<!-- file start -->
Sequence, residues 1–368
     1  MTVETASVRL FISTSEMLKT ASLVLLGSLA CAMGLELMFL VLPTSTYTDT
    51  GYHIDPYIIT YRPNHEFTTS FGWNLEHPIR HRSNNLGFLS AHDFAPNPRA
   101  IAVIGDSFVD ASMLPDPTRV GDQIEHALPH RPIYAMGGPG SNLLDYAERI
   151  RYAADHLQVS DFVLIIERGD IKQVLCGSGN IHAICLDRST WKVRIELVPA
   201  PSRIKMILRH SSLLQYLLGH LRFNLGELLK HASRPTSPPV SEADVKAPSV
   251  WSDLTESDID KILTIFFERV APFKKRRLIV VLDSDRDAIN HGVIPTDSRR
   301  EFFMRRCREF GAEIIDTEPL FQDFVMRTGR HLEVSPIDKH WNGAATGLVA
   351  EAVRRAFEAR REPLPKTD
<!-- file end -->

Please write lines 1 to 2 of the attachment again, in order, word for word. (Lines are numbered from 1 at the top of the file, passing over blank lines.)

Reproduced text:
Sequence, residues 1–368
     1  MTVETASVRL FISTSEMLKT ASLVLLGSLA CAMGLELMFL VLPTSTYTDT